Summary of report content
With an ongoing focus on carers in Solihull and gathering feedback from local carers who told us their experiences. Healthwatch Solihull chose to explore support for carers who are caring for someone over 75 as one of their priority areas for the year. They organised focus groups which 19 people attended.
Many of the carers spoke of struggling to get GP appointments in some circumstances whether for the person they care for or for themselves. Being recognised as a Carer with their GP was something that participants felt was important and that there was a need for a system that recognised them as a carer when they were making an appointment. However, it was largely felt that even when they had informed their GP that they were a Carer by way of a form, their respective GP practices had not then used that information or had lost it.
Participants generally felt that they were not involved in the decision making around the care of the person that they care for. They felt that they were excluded by professionals rather than included and that their experiences of trying to tell professionals about how the person that they care for is on a day to day basis was not listened to.
Although participants spoke about care assessments for the people that they care for, there was very little mention of them having had their own Carers Assessments. Only one person mentioned a Carers Assessment, and this was in relation to having had a long wait for an assessment and being given misinformation on how long they might have to wait.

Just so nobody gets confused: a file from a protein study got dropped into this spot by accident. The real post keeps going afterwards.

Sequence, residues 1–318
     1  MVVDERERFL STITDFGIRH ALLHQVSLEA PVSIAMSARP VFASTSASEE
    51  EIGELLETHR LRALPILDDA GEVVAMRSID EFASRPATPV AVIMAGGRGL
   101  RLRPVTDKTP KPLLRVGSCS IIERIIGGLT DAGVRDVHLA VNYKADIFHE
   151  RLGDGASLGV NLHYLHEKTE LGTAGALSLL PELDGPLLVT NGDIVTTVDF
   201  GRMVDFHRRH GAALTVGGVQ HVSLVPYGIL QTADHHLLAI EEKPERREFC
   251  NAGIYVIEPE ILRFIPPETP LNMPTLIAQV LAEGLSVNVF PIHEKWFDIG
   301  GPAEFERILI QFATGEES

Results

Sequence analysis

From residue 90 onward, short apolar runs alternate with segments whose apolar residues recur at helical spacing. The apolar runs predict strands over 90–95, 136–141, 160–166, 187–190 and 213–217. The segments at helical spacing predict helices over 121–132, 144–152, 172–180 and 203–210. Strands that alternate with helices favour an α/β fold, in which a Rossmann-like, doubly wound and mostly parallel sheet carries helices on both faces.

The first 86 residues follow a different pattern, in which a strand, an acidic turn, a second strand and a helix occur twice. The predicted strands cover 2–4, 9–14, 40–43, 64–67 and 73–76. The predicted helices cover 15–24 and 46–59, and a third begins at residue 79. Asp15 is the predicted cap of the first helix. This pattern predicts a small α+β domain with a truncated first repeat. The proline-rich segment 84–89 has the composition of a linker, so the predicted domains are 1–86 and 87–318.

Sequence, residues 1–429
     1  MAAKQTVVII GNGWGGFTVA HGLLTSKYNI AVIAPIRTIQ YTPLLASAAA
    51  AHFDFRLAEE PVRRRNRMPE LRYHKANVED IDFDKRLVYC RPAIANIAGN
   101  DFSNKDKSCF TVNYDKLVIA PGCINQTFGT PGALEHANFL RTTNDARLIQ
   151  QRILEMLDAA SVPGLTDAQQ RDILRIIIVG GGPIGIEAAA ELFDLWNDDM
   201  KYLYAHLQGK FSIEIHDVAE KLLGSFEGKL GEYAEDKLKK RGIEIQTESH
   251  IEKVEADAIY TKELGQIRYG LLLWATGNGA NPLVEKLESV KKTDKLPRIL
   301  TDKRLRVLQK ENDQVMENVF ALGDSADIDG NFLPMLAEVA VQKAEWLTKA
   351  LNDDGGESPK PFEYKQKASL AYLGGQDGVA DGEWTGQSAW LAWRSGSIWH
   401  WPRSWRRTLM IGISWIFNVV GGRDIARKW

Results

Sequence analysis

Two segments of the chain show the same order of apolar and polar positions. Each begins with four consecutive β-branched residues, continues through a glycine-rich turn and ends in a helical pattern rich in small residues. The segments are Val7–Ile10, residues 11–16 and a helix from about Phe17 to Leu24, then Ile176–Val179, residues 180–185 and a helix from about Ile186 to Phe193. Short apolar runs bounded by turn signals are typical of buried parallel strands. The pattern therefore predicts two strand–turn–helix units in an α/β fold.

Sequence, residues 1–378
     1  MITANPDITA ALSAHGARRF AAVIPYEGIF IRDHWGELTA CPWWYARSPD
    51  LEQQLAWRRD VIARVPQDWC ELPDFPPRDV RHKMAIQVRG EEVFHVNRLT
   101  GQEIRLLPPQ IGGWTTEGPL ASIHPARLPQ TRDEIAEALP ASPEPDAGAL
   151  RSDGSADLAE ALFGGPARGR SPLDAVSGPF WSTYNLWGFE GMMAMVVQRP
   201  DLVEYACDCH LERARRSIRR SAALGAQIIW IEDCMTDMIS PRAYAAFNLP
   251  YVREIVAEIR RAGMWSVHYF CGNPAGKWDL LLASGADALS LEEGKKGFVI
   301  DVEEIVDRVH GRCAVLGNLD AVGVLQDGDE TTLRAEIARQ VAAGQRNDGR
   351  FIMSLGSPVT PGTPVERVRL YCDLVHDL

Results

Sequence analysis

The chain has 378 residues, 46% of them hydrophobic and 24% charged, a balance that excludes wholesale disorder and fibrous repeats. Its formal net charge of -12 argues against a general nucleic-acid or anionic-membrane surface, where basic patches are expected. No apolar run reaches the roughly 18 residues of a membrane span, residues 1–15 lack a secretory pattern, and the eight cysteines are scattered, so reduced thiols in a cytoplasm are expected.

Some of the participants said that the person that they care for also had domiciliary care, either funded by the local authority or self-funded. Those that spoke about domiciliary care told of late or missed calls and how this meant that they could not rely on the care provision. One spoke of how a lack of flexibility in the times of calls meant that they may have to give up their paid work outside the home.
Participants spoke about how if the person that they care for was a self-funder there was a lack of support. When they tried to access any additional support in their care, they were generally told that as self-funders there was no assistance available.
When participants spoke about their own health there was a recognition that caring can have a detrimental impact on their health. Participants felt that there was a lack of recognition and support around their mental wellbeing concerns.
All said that things across services are improving. They were frequently asked for feedback from different people and would like to see changes. All felt the new Solihull Council Carers Strategy accurately reflected their views
The report includes 7 recommendations to deal with the issues raised by the carers. The report contains responses from providers.